Reader-submitted rides, reviews and stories
Pat Parziale's been a little disappointed with the quality of motorcycle
waves he's received while riding his 2002 Kawasaki Sherpa.
Not long ago I purchased another motorcycle, a dual sport 2002 Kawasaki Sherpa. As of the moment, I have three very different motorcycles. First is an old school cool cruiser, a 1982 Honda CB900 with a 10-speed transmission. Second, is a highly capable Honda Helix, a classic maxi-scooter from the 80s which Honda continued to produce well into the late 2000s. The third is the previously mentioned Kawasaki Sherpa.
While not a classic, the Sherpa is a near perfect representation of historic motorcycle design, the lightweight on and off-road motorcycle. I say all this to lead into a discussion which recently has dawned on me … the motorcycle wave. I wish to take the time to briefly explain some things that go through my mind in regards to the “wave” for purely entertainment purposes.
Anyone who has thrown a leg over a motorcycle has seen the “wave.” The description of the motorcycle wave is pretty vague, but basically it is the act of acknowledging another biker while riding. It is a simple gesture that defines the brotherhood (and sisterhood) of motorcyclists. I personally wave to anyone I see on a motorcycle of any kind, but there are plenty of those who don’t. And I must say the one’s that don’t, seem to fall into stereotypical categories. Allow me to expound.
Pat gets his best waves while riding his 1982 Honda CB900.
Usually one can find me on my inline-four Honda. And whenever I ride, I almost always receive the “biker wave.” Very rarely do other motorcyclists ignore me. The riders that do ignore me typically look as though they stepped out of the state penitentiary recently, and I guess I don’t really mind if they don’t wave. Anyway, I see all kinds of waves: the peace sign, the overstretched lateral wave, the high-five wave, the one-finger point wave, the chicken wing elbow wave, the foot wave, the pistol wave, Mickey Mouse wave, etc.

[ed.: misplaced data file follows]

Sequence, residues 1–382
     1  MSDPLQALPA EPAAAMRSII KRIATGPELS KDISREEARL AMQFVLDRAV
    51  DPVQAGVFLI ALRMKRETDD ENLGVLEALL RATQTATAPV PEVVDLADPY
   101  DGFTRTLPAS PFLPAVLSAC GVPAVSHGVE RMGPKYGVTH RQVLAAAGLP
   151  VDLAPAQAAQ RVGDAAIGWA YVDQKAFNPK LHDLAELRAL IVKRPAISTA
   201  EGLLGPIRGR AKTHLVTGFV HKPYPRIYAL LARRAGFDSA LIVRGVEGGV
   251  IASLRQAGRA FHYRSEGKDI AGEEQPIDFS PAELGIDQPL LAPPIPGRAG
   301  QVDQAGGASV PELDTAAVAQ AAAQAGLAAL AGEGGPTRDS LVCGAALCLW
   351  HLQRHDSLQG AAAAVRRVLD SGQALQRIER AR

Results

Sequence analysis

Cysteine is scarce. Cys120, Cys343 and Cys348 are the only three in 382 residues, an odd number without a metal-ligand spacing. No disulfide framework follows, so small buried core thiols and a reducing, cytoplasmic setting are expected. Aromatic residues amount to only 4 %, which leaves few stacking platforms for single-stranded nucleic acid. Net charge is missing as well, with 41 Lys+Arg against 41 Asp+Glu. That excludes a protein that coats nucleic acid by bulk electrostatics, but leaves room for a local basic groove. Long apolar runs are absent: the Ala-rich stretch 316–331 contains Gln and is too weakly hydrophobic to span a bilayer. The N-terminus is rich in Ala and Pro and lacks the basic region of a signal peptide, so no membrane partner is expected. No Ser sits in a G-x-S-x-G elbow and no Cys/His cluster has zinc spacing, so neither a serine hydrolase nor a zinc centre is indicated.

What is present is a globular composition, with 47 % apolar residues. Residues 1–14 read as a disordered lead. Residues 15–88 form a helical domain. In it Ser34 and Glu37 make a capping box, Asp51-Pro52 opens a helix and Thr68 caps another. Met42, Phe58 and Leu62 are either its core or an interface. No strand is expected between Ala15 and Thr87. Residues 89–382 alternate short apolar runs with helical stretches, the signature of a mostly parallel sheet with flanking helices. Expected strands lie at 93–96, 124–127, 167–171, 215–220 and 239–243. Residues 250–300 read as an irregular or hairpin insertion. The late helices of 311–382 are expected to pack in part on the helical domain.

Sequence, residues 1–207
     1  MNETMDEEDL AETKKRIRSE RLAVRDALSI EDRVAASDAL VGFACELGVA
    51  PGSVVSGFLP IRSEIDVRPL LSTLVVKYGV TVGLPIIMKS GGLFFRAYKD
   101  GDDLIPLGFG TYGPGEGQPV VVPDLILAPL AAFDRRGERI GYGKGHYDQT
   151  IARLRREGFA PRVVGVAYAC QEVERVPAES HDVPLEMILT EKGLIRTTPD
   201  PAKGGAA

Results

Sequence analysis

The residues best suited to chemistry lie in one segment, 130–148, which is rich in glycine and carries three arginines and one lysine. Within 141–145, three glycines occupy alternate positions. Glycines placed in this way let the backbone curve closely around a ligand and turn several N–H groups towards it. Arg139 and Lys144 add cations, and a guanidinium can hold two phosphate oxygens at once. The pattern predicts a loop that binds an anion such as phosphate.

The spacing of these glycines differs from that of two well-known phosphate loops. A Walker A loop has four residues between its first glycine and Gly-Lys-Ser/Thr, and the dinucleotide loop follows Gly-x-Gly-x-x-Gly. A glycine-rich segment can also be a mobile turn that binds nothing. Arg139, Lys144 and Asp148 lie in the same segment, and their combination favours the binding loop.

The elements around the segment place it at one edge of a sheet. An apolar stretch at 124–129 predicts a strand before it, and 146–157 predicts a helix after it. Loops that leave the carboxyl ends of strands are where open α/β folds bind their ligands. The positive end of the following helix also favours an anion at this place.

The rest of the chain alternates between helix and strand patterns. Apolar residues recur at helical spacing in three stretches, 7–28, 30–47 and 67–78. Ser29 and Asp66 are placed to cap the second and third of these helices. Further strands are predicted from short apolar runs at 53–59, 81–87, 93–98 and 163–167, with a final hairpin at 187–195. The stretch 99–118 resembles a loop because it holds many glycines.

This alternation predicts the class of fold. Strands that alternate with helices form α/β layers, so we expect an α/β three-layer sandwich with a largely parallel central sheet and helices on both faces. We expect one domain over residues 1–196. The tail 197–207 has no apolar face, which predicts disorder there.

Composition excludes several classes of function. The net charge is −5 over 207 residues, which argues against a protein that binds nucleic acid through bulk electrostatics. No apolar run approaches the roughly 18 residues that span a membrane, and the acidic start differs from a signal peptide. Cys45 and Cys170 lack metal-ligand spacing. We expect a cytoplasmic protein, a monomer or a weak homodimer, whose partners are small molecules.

The other times I don’t see or give the wave (for safety purposes) is when passing on opposite sides of a busy highway median, riding in the thick of rush hour, or while up/down shifting on a pass. When I don’t see a wave I typically notice the list above as a valid reason for its neglect. However, except for safety reasons, the ones that don’t wave seem to intentionally ignore. They probably never wave to any biker anyway. So, my guess is, they have a bad father-son interpersonal relationship which they bury in their leather jackets and tattoos and silence by load pipes, blinding chrome, and cigarettes. Moving on …
If I mount my dual-sport Kawasaki, I find I get a slightly smaller percentage of waves, and often less enthusiastic. Except I do get tons of energetic waves from the BMW crew with loads of gear, for whatever reason. Maybe they sense the need I have for adventure. Aside from that, I get a substantial proportion of “waves” that look more like dead fish. The source being, I feel many bikers see a dual-sport as a tad less of a motorcycle and a little more of a recreational toy. Yet, many out there can tell you that there isn’t anything more hardcore or Marlboro Manish, I-could-break-my-femur-doing-this than an off-road adventure. I mean, you couldn’t complete a rock climb with an Electra-Glide or pace Baja silt with a Victory High Ball. What I’m saying is that each bike has its own qualities that perhaps someone like Steve McQueen would value.
Pat's 1980s-era Honda Helix.